Maryland Insurance Administration issues first-ever civil fraud orders
Jul 24, 2013
The Maryland Insurance Administration (“MIA”) announced today, July 24, 2013, that it has issued its first administrative orders under newly granted authority to pursue civil cases of insurance fraud. The authority took effect last October following passage of legislation by the 2012 Maryland General Assembly.
Previously, the MIA investigated only criminal fraud cases, which are prosecuted by either the Maryland State Attorney’s Office or the Office of the Attorney General. Fraud referrals made to the MIA’s Insurance Fraud Division since October 1, 2012 now are also reviewed for civil remedies.
Today’s order were issued in two separate cases: The first involved a Curtis Bay woman who submitted falsified documents to two insurance companies, saying she had missed eight days of work following a February 2012 automobile accident. The woman was found to have used her employer’s signature stamp without his knowledge to validate her claim of lost wages. An investigation led by MIA Assistant Chief Civil Fraud Investigator Joe Smith found that the woman had not missed any days of work as claimed. As a result, she has been ordered to pay a $2,000 fine and reimburse State Farm Insurance Company for the $644 payment it made to her as a result of her false claim. Another insurance company involved learned of the false information in time to stop payment on her claim.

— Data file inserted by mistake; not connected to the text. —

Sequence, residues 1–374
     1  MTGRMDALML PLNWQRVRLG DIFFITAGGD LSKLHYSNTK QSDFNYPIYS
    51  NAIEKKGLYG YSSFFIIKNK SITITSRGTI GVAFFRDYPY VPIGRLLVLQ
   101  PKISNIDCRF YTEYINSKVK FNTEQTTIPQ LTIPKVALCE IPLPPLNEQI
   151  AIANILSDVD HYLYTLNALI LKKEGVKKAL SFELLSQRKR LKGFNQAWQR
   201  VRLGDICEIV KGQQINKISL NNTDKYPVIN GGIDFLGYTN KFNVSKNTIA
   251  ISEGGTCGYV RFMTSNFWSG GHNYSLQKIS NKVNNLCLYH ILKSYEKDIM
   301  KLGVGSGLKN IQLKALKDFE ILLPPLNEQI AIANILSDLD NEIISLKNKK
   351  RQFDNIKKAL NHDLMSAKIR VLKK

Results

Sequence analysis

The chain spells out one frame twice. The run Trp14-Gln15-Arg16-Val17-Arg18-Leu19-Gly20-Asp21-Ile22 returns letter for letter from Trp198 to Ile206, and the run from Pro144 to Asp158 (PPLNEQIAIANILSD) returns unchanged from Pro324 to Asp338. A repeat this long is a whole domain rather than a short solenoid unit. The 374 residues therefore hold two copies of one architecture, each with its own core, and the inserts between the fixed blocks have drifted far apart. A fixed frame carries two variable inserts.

The second case of fraud involved a Mechanicsville man who filed a disability insurance claim with a false date listed for his return to work. As a result of the false date, the insurance company paid him for time, during which he also received a salary from his employer. The man has been ordered to repay $1,120.70 to American United Life Insurance Company, along with a $2,000 administrative penalty.
The MIA notes that insurance fraud is a felony in Maryland if it involves $300 or more. Anyone convicted of the crime faces up to 15 years in prison. Civil penalties can reach up to $25,000. Losses from fraudulent claims are passed on to all consumers in the form of higher premiums.
The Coalition Against Insurance Fraud estimates that theft through insurance fraud reaches at least $80 billion each year.
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